Ann Kennedy is the winner of the 2022 Eppendorf & Science Prize for Neurobiology for research that provides new insight into aggression and how aggressive motivation is regulated by the brain.
“Kennedy’s essay describes how neuronal activity in hypothalamic nuclei can finely modulate animal behavior. This seems to be working less like an all-or-nothing switch and more like a controller that can be tuned up or down”.
Although it can take many forms, aggression exists in many animal species. But engaging in a fight can be costly to an individual as even the winners can walk away with serious injuries. Thus, it is common – and safer – to begin a conflict with threat displays and posturing, and attack only if necessary. This type of aggressive arousal is an archetypal motivational state that exhibits persistence and graded intensity – it builds and maintains until the threat or the need to intimidate is gone. However, how this is accomplished in the brain is unknown. Previous research has shown that the ventrolateral portion of the ventromedial hypothalamus (VMHvl) is implicated in control of aggression in mice.
“There's been decades of work in neuroscience studying sensory processing or motor actions, but we know much less about what happens in between how we decide what to do about the world we encounter,” said Kennedy, an Assistant Professor at Northwestern University Feinberg School of Medicine.
To better understand how this works, Kennedy and her colleagues used head-mounted miniaturized microendoscopes to characterize the activity of neurons in this region as mice freely interacted. Although the researchers found that activity in these cells was only weakly correlated with when mice fight, the researchers revealed that a small population of neurons were persistently active over the duration of a social encounter with modest fluctuation in the intensity of their activity as animals interacted in different ways.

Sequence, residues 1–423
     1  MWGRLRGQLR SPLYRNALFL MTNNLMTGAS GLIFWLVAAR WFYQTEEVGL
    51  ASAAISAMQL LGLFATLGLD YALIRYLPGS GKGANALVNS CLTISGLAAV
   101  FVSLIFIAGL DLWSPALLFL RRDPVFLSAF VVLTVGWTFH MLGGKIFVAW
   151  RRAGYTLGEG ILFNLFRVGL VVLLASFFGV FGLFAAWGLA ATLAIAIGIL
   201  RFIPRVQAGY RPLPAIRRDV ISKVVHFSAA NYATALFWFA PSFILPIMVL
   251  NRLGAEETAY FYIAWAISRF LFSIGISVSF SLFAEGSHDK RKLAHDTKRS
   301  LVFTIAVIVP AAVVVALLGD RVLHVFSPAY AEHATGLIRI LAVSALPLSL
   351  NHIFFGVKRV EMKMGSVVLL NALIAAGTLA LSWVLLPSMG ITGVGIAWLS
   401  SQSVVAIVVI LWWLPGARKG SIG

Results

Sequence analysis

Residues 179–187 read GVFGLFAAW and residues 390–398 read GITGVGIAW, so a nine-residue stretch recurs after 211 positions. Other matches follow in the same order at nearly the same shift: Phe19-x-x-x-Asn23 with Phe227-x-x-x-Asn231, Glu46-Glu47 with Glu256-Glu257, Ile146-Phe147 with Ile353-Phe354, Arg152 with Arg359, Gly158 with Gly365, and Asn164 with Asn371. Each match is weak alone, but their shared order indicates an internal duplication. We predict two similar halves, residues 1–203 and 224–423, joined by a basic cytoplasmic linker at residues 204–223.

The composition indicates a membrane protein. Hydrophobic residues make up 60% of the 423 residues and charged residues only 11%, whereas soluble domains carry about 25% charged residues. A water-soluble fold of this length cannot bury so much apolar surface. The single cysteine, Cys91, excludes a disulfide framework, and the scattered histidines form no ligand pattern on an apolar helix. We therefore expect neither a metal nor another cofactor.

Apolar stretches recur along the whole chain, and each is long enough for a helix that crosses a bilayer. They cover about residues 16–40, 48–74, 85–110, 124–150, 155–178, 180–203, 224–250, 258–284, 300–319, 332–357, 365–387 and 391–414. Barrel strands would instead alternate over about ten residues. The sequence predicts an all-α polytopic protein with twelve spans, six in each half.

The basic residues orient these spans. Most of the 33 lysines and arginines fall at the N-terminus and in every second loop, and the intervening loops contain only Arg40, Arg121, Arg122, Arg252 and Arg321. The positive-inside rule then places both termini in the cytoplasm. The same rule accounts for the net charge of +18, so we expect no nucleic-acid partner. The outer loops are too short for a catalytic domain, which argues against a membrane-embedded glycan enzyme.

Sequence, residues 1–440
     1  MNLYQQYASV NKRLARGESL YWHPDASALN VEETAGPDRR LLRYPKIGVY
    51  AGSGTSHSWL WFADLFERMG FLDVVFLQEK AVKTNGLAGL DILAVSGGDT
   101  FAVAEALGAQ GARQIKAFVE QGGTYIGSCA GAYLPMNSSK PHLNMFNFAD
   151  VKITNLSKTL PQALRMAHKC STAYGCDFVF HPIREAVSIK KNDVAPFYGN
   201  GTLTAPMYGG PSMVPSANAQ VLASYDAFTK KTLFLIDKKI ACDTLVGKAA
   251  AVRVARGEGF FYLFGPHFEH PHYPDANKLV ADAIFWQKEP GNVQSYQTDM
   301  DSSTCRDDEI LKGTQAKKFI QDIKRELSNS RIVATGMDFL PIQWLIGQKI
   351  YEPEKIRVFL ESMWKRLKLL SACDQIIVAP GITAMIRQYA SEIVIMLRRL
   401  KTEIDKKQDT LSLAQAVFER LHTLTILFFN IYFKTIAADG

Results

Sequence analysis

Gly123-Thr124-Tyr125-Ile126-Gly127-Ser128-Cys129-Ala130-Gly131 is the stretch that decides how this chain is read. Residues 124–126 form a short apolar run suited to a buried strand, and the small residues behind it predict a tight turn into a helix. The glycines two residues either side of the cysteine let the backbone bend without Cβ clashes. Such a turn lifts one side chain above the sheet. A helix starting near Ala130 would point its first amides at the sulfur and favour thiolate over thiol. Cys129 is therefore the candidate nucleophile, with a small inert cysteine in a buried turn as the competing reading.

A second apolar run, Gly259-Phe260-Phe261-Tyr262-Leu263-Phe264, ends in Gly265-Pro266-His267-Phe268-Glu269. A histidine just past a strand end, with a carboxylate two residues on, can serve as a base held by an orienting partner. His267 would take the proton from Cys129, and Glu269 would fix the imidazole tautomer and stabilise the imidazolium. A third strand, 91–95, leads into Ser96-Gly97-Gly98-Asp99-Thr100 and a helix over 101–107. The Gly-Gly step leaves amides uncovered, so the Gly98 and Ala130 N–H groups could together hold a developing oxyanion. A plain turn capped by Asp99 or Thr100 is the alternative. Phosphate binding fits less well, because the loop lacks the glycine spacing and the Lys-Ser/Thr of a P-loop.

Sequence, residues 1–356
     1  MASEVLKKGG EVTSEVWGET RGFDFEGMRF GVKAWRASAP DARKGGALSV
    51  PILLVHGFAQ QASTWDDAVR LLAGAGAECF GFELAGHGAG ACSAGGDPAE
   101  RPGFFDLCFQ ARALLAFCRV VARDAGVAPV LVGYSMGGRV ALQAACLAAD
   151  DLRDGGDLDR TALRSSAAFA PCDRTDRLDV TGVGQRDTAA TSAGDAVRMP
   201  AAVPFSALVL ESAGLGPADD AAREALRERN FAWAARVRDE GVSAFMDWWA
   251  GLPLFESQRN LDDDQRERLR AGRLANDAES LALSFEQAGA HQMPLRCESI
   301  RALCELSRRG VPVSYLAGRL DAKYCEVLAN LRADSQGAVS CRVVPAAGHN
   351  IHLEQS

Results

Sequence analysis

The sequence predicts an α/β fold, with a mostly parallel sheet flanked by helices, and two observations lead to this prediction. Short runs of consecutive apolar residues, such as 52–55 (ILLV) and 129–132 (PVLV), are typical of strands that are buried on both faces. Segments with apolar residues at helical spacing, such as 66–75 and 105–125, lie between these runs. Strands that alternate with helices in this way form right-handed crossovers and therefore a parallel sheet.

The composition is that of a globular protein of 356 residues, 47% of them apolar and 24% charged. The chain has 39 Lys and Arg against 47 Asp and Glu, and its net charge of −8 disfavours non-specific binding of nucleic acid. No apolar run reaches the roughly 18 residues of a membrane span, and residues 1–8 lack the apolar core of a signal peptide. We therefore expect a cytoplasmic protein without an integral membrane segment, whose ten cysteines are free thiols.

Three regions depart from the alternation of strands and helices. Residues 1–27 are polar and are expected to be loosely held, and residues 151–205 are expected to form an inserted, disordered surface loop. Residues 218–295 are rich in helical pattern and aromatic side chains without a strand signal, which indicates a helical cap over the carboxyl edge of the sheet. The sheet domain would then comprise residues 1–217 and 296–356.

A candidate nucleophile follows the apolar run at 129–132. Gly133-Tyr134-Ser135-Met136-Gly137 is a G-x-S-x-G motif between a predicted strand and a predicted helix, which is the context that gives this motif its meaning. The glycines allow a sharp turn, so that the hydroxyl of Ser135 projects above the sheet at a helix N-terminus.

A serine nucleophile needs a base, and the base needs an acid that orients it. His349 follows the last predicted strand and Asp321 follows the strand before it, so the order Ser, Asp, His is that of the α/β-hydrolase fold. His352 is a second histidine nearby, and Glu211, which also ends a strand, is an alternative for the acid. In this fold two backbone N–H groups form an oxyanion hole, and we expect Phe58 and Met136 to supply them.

When this patterning was weak, mice investigated or ignored one another, but as the pattern grew, so did aggressive posturing, including actions like dominance mounting. When it saturated, animals began to exhibit outright attacks. Kennedy suggests that this signal reflects a level of aggressive motivation and argues that the scalable and persistent activity within the VMHvl is a mechanism for setting an animal’s motivational state.
“Medically, disorders of motivation appear in many neuropsychiatric disorders such as anorexia, depression, and generalized anxiety,” said Kennedy. “Conceptually, it also gives us a new/different way of thinking about how the brain keeps track of the high-level motivations that shape our moment-to-moment behavior. It paints a picture of the brain as a hierarchical controller, with hypothalamic regions setting overall motivations which other regions then act upon to generate specific motivated actions.”
The Eppendorf & Science Prize for Neurobiology recognizes the increasingly active and important role of neurobiology in advancing our understanding of the functioning of the brain and the nervous system. The winner receives $25,000 and publication of their essay in the November 4 issue of Science.
“Since 2002 Eppendorf has partnered with the prestigious journal Science to create what the Prize has become today, one of the leading awards for young scientists in neurobiological research,” stated Eva van Pelt, Co-CEO of Eppendorf SE. “Congratulations to Kennedy on her fantastic achievement in winning this year’s prize.”